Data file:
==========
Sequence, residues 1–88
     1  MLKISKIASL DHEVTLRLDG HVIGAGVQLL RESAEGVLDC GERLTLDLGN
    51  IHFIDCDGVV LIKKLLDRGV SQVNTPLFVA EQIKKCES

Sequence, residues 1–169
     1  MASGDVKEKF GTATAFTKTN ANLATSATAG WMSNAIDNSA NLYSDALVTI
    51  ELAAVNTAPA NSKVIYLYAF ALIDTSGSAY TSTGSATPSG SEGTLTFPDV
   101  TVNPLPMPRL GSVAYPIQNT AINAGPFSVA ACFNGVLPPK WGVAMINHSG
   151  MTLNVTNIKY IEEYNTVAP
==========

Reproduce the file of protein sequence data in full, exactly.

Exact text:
Sequence, residues 1–88
     1  MLKISKIASL DHEVTLRLDG HVIGAGVQLL RESAEGVLDC GERLTLDLGN
    51  IHFIDCDGVV LIKKLLDRGV SQVNTPLFVA EQIKKCES

Sequence, residues 1–169
     1  MASGDVKEKF GTATAFTKTN ANLATSATAG WMSNAIDNSA NLYSDALVTI
    51  ELAAVNTAPA NSKVIYLYAF ALIDTSGSAY TSTGSATPSG SEGTLTFPDV
   101  TVNPLPMPRL GSVAYPIQNT AINAGPFSVA ACFNGVLPPK WGVAMINHSG
   151  MTLNVTNIKY IEEYNTVAP